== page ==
Sun on snow creates an interesting effect. Through the fluffy powder on the surface, you catch glimpses of bright blue ice, a thing to admire when you’re looking at it, something to avoid when you’re in skis.
As the sun hits the snow and the wind picks up, you can see a thin layer of snowflakes dancing in the breeze and you can almost imagine you’re in some remote place. Maybe you’re Shakleton, dragging a lifeboat across the Antarctic, or a zoologist watching polar bears in the Arctic.
This morning, a thin ray of sunlight came in through a crack in the lavender curtains of my bedroom. The cat, my mini radiator opened her eyes at my movements and yawned. I inched my way out from under the covers, slowly, slowly so that I wouldn’t disturb the cat and once free from the duvet, went to the window. The sun burst through a thin layer of mist that covered the landscape, all the way across West Lothian.
I can’t remember the last time I sat still and watched the sun come up. When I was young, the alarm went off first thing in the morning; I could smell eggs from the kitchen where Mom was making breakfast. In those days, I beat the sun.
Have you ever watched the sun coming up in the desert? In my teens, I used to sneak out with my car, having rolled in out of the driveway so that Mom and Dad wouldn’t hear me and drive towards the desert, the windows down bringing in warm air against my face. It was my thinking time. As the hour grew late, I would turn around and head for home, making sure I got there before Dad could catch me. I lost track of time once and turned back late, just as the sun was starting to come up. I marvelled at the gleam of light on the asphalt that created a ripple of colour in the horizon. When I got home, I was nervous. I could see a light in the kitchen. I was too late. Dad was waiting for me, a look of disapproval on his face. “Well?” he said. I didn’t lie. I told him what I was up to, that I drove to think. He seemed to understand and with a promise from me that I wouldn’t sneak out again, he sent me off to my room.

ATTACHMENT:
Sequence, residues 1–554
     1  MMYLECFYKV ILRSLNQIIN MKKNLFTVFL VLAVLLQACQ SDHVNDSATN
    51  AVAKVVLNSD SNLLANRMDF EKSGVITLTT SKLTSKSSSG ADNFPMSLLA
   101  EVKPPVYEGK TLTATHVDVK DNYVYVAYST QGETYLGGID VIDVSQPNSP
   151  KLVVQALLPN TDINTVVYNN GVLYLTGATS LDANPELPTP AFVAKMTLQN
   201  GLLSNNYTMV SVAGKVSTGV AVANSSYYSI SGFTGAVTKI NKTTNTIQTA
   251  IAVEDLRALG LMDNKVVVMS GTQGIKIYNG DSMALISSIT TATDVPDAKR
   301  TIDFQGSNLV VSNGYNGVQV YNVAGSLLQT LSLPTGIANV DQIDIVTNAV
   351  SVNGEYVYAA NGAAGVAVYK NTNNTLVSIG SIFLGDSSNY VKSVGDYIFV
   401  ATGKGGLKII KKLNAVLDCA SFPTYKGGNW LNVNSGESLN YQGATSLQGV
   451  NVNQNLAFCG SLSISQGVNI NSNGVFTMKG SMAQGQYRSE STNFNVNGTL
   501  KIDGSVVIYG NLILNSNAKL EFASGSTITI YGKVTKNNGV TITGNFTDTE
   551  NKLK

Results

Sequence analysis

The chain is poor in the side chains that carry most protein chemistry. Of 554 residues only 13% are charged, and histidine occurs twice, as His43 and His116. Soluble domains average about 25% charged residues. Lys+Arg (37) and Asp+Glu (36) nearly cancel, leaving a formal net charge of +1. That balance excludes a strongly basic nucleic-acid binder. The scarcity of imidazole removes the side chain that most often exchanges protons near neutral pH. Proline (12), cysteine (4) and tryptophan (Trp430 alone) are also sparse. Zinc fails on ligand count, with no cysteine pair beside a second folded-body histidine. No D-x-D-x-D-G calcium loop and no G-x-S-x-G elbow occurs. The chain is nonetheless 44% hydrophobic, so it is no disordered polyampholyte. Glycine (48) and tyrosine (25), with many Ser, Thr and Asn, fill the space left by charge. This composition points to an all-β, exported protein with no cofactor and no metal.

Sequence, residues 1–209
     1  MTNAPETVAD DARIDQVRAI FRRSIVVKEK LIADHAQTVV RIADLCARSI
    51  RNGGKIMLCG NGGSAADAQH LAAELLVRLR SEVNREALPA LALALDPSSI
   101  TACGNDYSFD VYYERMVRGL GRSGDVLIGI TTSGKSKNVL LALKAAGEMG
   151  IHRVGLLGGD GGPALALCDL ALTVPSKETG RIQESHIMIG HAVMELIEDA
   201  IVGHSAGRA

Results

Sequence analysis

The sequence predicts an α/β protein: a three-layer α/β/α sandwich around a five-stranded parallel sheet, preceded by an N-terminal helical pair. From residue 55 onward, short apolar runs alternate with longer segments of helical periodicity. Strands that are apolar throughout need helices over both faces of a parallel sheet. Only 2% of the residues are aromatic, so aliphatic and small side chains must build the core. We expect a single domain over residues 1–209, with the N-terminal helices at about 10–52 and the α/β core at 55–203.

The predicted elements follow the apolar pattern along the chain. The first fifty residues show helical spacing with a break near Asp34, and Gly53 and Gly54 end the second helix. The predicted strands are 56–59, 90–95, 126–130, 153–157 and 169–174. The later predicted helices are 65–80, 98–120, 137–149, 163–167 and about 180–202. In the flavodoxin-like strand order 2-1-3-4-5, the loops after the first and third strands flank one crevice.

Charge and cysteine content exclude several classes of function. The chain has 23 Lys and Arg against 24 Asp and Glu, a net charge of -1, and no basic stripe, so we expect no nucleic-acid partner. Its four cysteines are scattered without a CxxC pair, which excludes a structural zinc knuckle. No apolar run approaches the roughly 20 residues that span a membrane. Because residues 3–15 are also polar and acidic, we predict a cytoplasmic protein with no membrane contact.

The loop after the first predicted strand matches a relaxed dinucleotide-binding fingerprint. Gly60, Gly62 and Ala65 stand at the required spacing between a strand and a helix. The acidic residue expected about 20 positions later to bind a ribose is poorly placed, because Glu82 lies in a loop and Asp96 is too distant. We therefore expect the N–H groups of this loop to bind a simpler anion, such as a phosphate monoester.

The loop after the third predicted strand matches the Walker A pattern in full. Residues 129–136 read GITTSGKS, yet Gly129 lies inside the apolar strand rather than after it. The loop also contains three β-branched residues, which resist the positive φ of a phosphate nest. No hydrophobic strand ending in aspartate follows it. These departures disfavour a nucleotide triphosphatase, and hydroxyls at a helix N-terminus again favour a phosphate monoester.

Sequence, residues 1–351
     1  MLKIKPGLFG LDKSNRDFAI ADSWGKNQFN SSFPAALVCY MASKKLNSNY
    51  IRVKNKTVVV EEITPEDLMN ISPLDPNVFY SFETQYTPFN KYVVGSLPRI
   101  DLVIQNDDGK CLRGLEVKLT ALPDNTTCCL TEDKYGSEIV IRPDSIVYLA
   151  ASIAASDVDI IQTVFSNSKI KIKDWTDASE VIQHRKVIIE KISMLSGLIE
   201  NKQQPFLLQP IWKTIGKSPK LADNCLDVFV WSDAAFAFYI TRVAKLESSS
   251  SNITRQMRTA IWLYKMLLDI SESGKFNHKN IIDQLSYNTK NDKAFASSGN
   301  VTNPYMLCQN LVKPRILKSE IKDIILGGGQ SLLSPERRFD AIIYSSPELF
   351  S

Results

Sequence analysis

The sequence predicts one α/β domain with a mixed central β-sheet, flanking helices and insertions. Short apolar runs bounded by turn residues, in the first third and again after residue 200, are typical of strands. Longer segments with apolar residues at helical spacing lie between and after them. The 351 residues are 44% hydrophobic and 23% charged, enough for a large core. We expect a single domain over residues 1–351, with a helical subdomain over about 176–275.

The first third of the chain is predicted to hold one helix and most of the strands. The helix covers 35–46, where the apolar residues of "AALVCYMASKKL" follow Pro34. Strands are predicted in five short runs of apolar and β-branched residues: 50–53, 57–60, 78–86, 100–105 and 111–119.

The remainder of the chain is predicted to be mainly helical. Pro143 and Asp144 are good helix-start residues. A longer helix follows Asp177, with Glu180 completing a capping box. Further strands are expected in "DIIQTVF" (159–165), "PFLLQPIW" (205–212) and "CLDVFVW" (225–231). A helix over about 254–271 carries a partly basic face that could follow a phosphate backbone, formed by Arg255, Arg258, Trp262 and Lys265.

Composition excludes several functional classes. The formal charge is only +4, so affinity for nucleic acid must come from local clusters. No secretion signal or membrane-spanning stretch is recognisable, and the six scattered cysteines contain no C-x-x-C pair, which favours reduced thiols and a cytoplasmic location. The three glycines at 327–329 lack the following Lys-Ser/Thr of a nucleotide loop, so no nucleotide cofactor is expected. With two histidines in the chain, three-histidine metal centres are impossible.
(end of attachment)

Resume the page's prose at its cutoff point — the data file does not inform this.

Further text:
I’ve always been a night owl. I think and work best in the early hours of the night, but there is something special about sunlight and sunrises. Try this sometime, watch the sun come up, drink in every detail of how the horizon looks, how the light brings the world to life for the new day. Jot down every detail and write a scene where sunlight features heavily. Enjoy.
Writing Prompt: Sunlight